signatory forms, please visit www.balanomics.net.

of both male and female lawyers, who show no signs of

abandoning their need for balance from employers. As the

below analysis of gender demographics and generational

trends shows, the profession must embrace work/life balance

solutions for its longevity and success.

Work/Life Conflict Acutely Affects the Retention and

Promotion of Talented Women

Laudable initiatives have made tremendous strides in

improving the status of women and attorneys of color in

the profession. 11 However, the diversity discussion has been

relatively silent on work/life balance, an issue that most

acutely impacts the retention and promotion of women attorneys.

12 The profession can only fully harness the talents

of women lawyers by integrating the specific work/life

challenges they face as part of the solution. Unfortunately,

the numbers demonstrate that we have not been successful

in retaining and promoting talented women lawyers.

Though women have comprised 40-50 percent of law

school graduating classes for nearly 25 years, they comprise

fewer than 16 percent of law firm equity partners

nationally. 13 Additionally, lawyers of color have comprised

10-20 percent of law school graduating classes for nearly

25 years, but women of color account for about 11 percent

of law firm associates and only 1.4 percent of equity

partners. 14 Women’s representation in other legal venues

is similarly low. For example, among the Fortune 500 in

2008, only 85 companies had women as their general

counsel. Of these women general counsel, 75 are white/

Caucasian (non-Hispanic), six are African American, two

are Hispanic, and one is Asian Pacific American. 15 Given

the large number of women who have entered the profession

for so long, it is not for lack of a “pipeline” that there

is a dearth of women at the top.

Instead, the explanation lies elsewhere — that is, with

work/life imbalance, among other reasons. According to a

2007 MIT study, lack of work/life balance was the number

one reason why women left law firms while remaining in

the workforce. 16 Data on women who leave the profession

for long periods to become full-time caregivers further

shows that lack of work/life balance contributes significantly

to departures of female attorneys. Indeed, a 2005

study found that nearly half of women lawyers — 42 percent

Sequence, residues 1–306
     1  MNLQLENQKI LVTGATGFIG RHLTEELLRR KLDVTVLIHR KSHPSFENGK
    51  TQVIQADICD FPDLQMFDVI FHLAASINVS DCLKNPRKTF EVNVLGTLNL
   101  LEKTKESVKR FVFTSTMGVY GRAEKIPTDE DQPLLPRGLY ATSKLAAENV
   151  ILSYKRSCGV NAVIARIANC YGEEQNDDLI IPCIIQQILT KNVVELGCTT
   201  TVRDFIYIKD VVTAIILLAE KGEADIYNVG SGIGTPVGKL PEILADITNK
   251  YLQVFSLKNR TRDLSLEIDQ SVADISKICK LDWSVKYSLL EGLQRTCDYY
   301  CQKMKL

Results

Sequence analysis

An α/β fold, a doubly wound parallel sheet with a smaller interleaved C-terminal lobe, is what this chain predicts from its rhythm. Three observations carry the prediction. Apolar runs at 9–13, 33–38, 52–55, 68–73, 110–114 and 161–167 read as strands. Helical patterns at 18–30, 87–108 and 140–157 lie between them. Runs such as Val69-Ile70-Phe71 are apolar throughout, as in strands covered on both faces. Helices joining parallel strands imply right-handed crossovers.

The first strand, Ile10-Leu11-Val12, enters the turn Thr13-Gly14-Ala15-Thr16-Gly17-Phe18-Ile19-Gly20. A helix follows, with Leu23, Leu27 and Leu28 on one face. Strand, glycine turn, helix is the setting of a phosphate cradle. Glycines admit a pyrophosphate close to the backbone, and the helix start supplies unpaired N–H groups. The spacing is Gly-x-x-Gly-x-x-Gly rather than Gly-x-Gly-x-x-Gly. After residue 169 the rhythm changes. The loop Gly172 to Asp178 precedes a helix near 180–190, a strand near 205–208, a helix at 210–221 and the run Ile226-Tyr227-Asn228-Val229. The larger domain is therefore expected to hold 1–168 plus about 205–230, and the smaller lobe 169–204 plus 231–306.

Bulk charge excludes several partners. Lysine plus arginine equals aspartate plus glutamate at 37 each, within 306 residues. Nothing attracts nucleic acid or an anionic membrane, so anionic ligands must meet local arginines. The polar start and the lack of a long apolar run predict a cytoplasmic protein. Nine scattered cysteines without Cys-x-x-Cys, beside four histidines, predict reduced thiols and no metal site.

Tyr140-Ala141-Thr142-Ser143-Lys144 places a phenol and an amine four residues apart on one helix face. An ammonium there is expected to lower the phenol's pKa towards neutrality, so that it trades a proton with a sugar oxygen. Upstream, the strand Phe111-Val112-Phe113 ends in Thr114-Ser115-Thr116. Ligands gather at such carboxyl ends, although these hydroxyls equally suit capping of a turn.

— leave the profession independent of maternity leave

and stay out for an average of three years. The same study

found another 24 percent of women attorneys leave for six

to nine years. 17 Work/life imbalance also notably affects

why women are not promoted at the same rate as their

male counterparts. In 2008, 5.6 percent of law firm lawyers

worked reduced hours, with 74 percent of them being

women. 18 In general, 65 percent of women lawyers with

children work flexible or reduced hours at some point in

ACC Docket 100 November 2009


their tenure at a firm and they are less likely to make partner

than male counterparts who work traditional schedules.

19 In short, lack of work/life balance options relates

directly to poor female attorney retention and promotion.

Work/Life Imbalance Also Alienates the Younger

Generation of Lawyers

Work/life balance issues also affect the very future of the

profession because Gen X and Gen Y lawyers are making

them a greater priority. In 2001, 71 percent of male and

female law school graduates with children reported work/

life conflict. Among those without children, 62 percent of

women and 56 percent of men reported work/life conflict. 20

With a growing national initiative launched in 2007 by two

male students at Stanford Law School, Gen Y has raised the

profile of its work/life balance concerns and pressured firms

to improve their work/life balance policies. 21 In a 2008 survey,

eight out of ten NYU law students confirmed their willingness

to trade money for time by earning less in exchange

for flexible or reduced hours. In fact, work/life balance was

the biggest concern for both male and female law students

in the survey, with 72 percent of men and 76 percent of

women saying that they were “very” or “extremely” worried

about integrating a successful career with a satisfying family

life. 22 These Gen Y priorities are increasingly consistent for

men of all generations, who cited work/life balance as one

of the top three reasons for leaving firms in 2007. 23

These trends show no signs of abating, even in the current

weak economy, as the emerging professional generation

has sound historical reasons to expect an economic recovery

relatively early in their careers. Moreover, 70 percent of law

firm partners are Baby Boomers, and despite delayed and

phased retirement trends, their eventual retirement will result

in a dearth of legal talent, with not enough Gen X law-

ACC Extras on…Work/Life Balance

Visit the ACC Value Challenge Webpage

• The ACC Value Challenge offers proven tools and tips to help